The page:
The founders of Cablevision Systems Corp., the Dolan family, in connection with a $17.7 billion acquisition of that entity by Altice Europe N.V. and Altice USA Inc., obtained a commitment in the Merger Agreement affirming that Altice would operate a particular group of regional cable news channels (News12 Networks LLC) “substantially in accordance with the existing News12 business plan … through at least the end of plan year 2020[.]” When Altice proceeded to lay off News12 employees after the merger, the Dolan family filed an action in the Court of Chancery for specific performance. More ›Share
Merger Agreement’s Preservation of Privilege for Pre-Merger Communications Found to be Adequate, Notwithstanding that the Surviving Company Took Possession of E-Mails
Shareholder Representative Services LLC v. RSI Holdco, LLC, C.A. No. 2018-0517-KSJM (Del. Ch. May 29, 2019).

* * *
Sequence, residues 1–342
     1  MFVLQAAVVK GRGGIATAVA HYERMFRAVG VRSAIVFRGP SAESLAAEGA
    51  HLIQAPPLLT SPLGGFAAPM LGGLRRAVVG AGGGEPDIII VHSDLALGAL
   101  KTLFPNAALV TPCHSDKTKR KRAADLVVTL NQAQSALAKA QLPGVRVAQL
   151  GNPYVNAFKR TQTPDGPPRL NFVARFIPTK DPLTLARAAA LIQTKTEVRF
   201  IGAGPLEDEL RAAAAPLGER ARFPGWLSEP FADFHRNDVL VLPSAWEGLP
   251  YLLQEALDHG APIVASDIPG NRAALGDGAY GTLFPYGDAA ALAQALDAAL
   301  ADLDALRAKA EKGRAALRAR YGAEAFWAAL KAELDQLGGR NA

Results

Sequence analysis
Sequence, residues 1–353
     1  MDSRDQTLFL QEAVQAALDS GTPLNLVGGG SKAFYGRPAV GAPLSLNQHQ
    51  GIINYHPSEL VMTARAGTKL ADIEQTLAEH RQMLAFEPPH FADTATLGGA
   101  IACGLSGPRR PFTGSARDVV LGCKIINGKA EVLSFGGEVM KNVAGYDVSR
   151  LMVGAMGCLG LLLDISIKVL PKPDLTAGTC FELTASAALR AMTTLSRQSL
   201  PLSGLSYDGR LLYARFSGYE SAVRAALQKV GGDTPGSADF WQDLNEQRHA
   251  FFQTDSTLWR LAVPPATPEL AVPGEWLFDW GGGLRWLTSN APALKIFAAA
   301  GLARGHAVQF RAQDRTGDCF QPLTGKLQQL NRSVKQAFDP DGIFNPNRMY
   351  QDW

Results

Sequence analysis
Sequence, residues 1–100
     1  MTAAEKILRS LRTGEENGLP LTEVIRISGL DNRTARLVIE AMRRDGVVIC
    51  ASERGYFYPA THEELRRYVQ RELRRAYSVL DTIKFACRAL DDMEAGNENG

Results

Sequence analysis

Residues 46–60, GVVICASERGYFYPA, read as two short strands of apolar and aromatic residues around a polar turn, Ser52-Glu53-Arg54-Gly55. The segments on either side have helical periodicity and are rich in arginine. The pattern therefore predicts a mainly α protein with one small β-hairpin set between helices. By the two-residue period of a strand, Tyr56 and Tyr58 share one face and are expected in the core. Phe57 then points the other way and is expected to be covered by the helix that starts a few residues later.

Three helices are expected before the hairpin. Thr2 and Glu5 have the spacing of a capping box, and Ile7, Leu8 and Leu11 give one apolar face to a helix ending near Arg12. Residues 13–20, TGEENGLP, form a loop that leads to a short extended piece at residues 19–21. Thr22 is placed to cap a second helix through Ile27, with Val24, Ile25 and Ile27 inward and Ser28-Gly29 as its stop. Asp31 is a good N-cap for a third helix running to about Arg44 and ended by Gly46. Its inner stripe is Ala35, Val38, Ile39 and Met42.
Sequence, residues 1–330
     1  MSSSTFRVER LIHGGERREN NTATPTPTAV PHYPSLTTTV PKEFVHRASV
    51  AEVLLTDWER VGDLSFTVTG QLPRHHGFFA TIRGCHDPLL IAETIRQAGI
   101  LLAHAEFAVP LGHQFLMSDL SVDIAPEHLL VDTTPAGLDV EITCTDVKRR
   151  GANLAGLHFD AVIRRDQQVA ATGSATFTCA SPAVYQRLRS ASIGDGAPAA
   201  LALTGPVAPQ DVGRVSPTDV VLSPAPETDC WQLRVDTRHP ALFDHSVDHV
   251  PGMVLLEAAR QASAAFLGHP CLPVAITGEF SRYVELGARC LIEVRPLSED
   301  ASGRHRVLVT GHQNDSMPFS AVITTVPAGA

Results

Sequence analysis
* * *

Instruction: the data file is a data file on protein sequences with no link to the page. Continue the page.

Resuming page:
This decision confirms that, in a post-merger dispute between an acquirer and the selling stockholders, broad contractual language can prevent a waiver of the acquired company's privileged pre-merger communications, even if the surviving company takes physical possession of the communications. RSI Holdco, LLC acquired Radixx Systems International, Inc. in 2016, and the merger agreement designated Shareholder Representative Services LLC as representative of Radixx's selling shareholders. As part of the merger, RSI Holdco acquired Radixx’s computers and email servers, which contained 1200 pre-merger emails between Radixx and its counsel; Radixx had not excised or segregated the communications from other data. However, the merger agreement contained a detailed provision that (1) preserved Radixx’s privilege, (2) assigned it the representative of selling stockholders, (3) required the parties to take steps to ensure that the privilege remained in effect, and (4) prevented RSI Holdco from relying on the privileged communications in post-merger litigation. In Great Hill Equity Partners IV, LP v. SIG Growth Equity Fund I, LLLP, 80 A.3d 155 (Del. Ch. 2013), the Court had found that privilege transferred to the surviving company in a merger as a matter of law pursuant to section 259 of the DGCL because (i) the parties did not address privilege in the merger agreement, and (ii) because the at-issue communications were turned over. Great Hill cautioned future parties to "use their contractual freedom" to exclude privileged communications from the transferred assets. Here, the Court rejected RSI Holdco's argument that the failure to excise the communications waived privilege in this circumstance, and the Court noted that even if the privilege had been waived, the merger agreement still prevented RSI Holdco from relying on the communications in the litigation. Thus, the Court concluded that the sellers "heeded the Great Hill court's advice" and found the detailed provision in the merger agreement preserved the privilege attached to the pre-merger communications.Share